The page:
This past summer, my high school took a group of students to volunteer in Sitio de Mata, Costa Rica, where we stayed in the homes of the local people. There are two major things that I realized during that experience.
First, there is much more biodiversity in Costa Rica than I experience on the average day in North Carolina. My friend Maddie and I ended up going on a hike with our housemama's husband, Roberto, an older man and a teenage boy named Andre. We hiked up the mountain that Sitio de Mata sits on. There, we received a personal tour from the three men.
â–º QUARTER FINALIST 2012 TEEN TRAVEL WRITING SCHOLARSHIP
We saw a plethora of plants and animals: many butterflies, little fern things that close when touched, two sloths, vibrant flowers, anthills with thousands of ants in them, at least three different types of ants; squirrels, beetles, birds that make noises like a robot while swinging upside down in trees, sugar cane, “rainbow sherbet” trees, strange, edible fruits, and much, much more. Everything had a name in Spanish that we were told by Roberto or the older man. I could look anywhere and see something new. Back home, I often only see a lot of trees, some bugs and birds, a few small mammals, and a few flowers and butterflies.
In North Carolina, there is more flora and fauna, but I just don't pay much attention to them. I travel in cars and stay indoors most of the time. In Sitio de Mata, I didn’t set foot in a car or bus for most of the trip. I walked up a mountain and back, walked to the other buildings and back, walked everywhere. It forced me to take notice of the outside surroundings. My camera card is full of the wonders that nature has to offer in Costa Rica. 5% of the world’s species live there, making it the most biodiverse country on the planet. It's completely different from where I've lived all my life.
Second, that was the dirtiest that I’ve been in almost six years. The last time I was that covered in mud was when my grade went to the Barrier Islands of South Carolina and walked through decaying organic matter in a marsh up to our necks. In Sitio de Mata, my group worked on digging three trenches for a compost center greenhouse. Digging involved getting on my hands and knees breaking apart the clumps of dirt and removing weeds, sticks and rocks. My hands still had dirt on them after two full scrubbings.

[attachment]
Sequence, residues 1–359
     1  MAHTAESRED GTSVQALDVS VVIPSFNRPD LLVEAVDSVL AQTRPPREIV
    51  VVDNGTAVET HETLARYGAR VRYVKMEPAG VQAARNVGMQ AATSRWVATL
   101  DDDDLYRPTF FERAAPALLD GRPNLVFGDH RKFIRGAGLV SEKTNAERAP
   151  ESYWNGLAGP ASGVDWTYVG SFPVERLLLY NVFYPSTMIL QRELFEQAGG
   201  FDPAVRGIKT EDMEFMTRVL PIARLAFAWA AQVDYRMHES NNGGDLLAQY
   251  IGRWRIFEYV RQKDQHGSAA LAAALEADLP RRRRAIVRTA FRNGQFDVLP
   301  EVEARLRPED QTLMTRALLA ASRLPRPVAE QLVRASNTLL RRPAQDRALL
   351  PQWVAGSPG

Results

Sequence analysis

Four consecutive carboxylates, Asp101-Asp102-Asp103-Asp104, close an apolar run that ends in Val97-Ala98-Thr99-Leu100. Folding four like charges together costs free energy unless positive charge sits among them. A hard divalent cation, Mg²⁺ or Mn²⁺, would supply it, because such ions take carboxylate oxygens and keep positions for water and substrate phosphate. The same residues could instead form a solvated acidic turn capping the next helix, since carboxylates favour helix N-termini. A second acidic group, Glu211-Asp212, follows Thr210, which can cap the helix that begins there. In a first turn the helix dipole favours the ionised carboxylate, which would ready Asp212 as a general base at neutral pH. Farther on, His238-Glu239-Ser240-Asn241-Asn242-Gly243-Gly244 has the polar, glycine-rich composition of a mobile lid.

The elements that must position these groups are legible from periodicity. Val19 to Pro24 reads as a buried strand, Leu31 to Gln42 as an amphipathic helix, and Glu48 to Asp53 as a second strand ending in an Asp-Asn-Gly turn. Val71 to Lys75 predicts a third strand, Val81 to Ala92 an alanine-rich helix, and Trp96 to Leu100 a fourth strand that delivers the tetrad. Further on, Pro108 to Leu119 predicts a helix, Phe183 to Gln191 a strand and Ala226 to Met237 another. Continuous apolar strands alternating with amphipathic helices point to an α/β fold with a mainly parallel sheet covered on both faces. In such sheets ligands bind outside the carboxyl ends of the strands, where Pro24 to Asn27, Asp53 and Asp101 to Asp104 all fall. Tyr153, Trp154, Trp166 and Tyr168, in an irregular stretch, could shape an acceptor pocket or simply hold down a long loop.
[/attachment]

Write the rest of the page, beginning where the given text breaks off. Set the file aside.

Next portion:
There is something about digging in dirt that is just…fun. I’m not a fan of getting that dirty, but I jumped right in and made the best of it. We didn't have tools other than a hoe and shovel in order to dig up the initial dirt. Everyone just used their hands to dig. The best part about being a dirty mess was that I was covered in mud for someone else’s benefit. As well as being fun, digging in the dirt made me feel good because I was doing something for the people of Sitio de Mata, who had opened their hearts and homes to me and the rest of the group.
I experienced so much more in Costa Rica than I ever could have imagined. I was given an opportunity to experience a natural side of this world that I’ve never seen before, and I was pushed beyond my comfort zone to experience a side of me that’s often hidden: a joyfulness in getting dirt under my nails to help others.
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